Prosthetic and Orthotic Rehabilitation Service in Madagascar - the Staff´s Experience at two Rehabilitation Centres

Forskningsoutput: KonferensbidragPoster


BACKGROUND Madagascar is the fourth biggest island and one of the poorest countries in the world, with more than 75 % of the 24 million inhabitants living under poverty line. The health care system in the country is under development, as well as the field of rehabilitation services and the area of prosthetic and orthotic services in specific. There is very limited published research concerning rehabilitation services for people with physical disability in Madagascar. AIM The aim of this study was to describe and explore the rehabilitation services in Madagascar, with a focus on prosthetic and orthotic services, from the perspective of local rehabilitation staff. METHOD Eight staff members from two rehabilitation centres in Madagascar were interviewed, including one medical doctor, two prosthetic and orthotic technicians, two physiotherapists, one nurse, one social worker, and, one shoemaker. One centre was public and the other centre was run by a nongovernmental organization. Interviews were conducted in English with interpreter to Malagasy. A semi-structured interview guide was used. The data were analysed by using manifest content analysis. RESULTS Three main categories emerged from the analysis: i) Financial situation, distance, attitudes and lack of knowledge stops people from getting rehabilitation service. Dissemination of information about physical disabilities and rehabilitation services were needed to increase the awareness of people in general. There was also a need of more rehabilitation centres with staff to increase the access to rehabilitation services. Many persons with disability could not afford rehabilitation service, and the available financial assistance was not enough to support all who needed the services. However, all people with disability that were coming to the rehabilitation centres were treated equally; ii) Materials, equipment and level of knowledge among staff affect the rehabilitation services. The available materials and equipment differed a lot between the two rehabilitation centres. Further education for the staff was required to improve the quality of rehabilitation service. Appearance and information given by the staff affected acceptance of the assistive devices. Mobility skills were depending on the assistive device, type of disability, and the attitude of the individual patient; iii) Collaboration and communication need to be improved to give a more efficient rehabilitation service. Multidisciplinary approach contributed to good outcome for the patients. Collaboration with, and sponsorship from, nongovernment organizations could increase the quality of rehabilitation service. Furthermore, communication between different professions needed to be improved. An increased collaboration between rehabilitation centres and the Ministry of Health was needed. Finally, community based rehabilitation programs and mobility teams facilitated follow-up services. DISCUSSION & CONCLUSION In order to improve rehabilitation services in Madagascar a combination of measures including increased availability to rehabilitation services and increased financial assistance to people with disability is required. Sustainable economic and material supply chains for rehabilitation centres, and, opportunities for the rehabilitation staff to receive professional relevant basic and continuous training is also required. It was highlighted that awareness and knowledge concerning the needs of persons with disability and the existing rehabilitation service should be increased both among politicians and among the general public in Madagascar.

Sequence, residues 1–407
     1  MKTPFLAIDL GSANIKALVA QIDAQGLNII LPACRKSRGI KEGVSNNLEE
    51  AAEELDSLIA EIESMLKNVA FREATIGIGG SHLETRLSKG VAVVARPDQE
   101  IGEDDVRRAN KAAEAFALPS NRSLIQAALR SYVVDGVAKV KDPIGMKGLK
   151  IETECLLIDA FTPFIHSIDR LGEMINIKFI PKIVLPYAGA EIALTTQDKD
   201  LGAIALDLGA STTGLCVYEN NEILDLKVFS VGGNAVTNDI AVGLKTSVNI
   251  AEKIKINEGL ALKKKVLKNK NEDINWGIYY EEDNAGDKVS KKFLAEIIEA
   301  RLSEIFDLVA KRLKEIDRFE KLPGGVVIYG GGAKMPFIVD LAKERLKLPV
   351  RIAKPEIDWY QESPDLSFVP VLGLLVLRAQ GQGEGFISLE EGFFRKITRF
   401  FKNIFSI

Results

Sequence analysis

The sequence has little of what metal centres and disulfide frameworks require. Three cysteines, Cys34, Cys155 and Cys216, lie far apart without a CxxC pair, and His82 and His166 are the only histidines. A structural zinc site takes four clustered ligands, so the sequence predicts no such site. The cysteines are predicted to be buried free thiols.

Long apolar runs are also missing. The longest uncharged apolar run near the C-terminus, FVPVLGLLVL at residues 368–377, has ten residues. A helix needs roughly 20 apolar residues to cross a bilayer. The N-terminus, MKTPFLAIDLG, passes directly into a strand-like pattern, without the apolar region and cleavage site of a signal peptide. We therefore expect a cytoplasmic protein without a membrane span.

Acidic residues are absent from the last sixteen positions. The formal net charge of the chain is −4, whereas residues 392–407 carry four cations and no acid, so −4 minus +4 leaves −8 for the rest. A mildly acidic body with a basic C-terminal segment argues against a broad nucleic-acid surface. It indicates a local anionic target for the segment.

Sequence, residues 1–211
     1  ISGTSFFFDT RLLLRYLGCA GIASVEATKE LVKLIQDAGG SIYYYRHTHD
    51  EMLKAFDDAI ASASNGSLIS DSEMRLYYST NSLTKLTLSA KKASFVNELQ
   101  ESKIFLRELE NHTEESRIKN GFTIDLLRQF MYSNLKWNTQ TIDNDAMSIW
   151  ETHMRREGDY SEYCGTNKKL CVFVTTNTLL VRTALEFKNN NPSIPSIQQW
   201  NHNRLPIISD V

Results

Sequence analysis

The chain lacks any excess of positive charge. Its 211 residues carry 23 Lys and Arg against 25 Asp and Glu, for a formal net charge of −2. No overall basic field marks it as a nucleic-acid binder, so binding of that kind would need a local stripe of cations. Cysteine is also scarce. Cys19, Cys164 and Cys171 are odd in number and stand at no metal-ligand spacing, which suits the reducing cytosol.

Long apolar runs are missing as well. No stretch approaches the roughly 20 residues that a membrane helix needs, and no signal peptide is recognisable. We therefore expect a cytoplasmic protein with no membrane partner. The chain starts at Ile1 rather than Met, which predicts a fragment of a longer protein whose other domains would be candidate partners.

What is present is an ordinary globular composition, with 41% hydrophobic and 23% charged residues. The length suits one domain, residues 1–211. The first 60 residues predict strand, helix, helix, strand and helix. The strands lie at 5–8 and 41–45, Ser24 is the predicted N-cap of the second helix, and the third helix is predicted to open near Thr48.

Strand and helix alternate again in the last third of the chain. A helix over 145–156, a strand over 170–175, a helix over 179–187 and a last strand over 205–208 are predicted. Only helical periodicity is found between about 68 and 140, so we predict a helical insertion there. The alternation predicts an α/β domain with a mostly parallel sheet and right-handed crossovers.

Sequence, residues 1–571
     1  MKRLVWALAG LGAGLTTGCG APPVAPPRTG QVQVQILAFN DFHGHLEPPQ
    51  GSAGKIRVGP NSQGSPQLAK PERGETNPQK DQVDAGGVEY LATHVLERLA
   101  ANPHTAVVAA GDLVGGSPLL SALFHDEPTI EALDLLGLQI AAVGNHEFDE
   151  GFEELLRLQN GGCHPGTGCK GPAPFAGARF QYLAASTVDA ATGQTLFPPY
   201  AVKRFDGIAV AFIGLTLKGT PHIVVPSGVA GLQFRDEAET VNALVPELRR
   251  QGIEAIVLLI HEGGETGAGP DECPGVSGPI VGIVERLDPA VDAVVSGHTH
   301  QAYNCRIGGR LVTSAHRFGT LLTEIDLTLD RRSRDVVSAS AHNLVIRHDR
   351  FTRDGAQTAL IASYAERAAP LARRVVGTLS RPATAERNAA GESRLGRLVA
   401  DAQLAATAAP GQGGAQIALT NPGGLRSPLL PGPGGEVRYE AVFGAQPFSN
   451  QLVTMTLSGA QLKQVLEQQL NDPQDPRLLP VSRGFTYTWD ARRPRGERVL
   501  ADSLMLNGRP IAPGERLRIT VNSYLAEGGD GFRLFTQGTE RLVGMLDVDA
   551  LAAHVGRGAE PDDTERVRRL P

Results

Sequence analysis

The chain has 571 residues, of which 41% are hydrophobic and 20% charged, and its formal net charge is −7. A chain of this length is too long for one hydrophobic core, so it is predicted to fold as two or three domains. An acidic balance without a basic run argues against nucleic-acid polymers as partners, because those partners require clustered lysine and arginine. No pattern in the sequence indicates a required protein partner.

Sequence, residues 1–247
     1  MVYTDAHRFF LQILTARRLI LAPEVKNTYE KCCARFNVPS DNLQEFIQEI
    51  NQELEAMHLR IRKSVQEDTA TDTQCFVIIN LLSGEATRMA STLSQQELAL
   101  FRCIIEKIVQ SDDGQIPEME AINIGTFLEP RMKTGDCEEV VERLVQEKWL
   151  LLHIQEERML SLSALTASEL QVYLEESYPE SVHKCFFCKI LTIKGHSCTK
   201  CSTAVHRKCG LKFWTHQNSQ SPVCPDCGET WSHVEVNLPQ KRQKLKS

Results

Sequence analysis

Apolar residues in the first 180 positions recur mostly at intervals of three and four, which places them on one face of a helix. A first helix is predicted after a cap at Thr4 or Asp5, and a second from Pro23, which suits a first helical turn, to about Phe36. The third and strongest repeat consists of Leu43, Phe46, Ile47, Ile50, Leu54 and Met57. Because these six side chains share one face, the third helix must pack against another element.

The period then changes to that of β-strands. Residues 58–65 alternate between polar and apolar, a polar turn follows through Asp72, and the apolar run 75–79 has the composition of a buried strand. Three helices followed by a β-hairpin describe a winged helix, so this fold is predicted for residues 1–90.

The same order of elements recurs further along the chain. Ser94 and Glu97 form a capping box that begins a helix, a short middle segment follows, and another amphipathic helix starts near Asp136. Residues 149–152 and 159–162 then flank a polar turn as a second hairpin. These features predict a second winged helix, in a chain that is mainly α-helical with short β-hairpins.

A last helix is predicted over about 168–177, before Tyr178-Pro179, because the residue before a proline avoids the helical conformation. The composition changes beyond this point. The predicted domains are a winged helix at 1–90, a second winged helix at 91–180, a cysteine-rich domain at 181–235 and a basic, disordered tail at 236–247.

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Ämnesklassifikation (UKÄ) – OBLIGATORISK

  • Arbetsterapi
StatusPublished - 2017 maj 8
Peer review utfördJa
EvenemangISPO 2017 World Congress - Cape Town, Cape Town, Sydafrika
Varaktighet: 2017 maj 82017 maj 11


KonferensISPO 2017 World Congress
OrtCape Town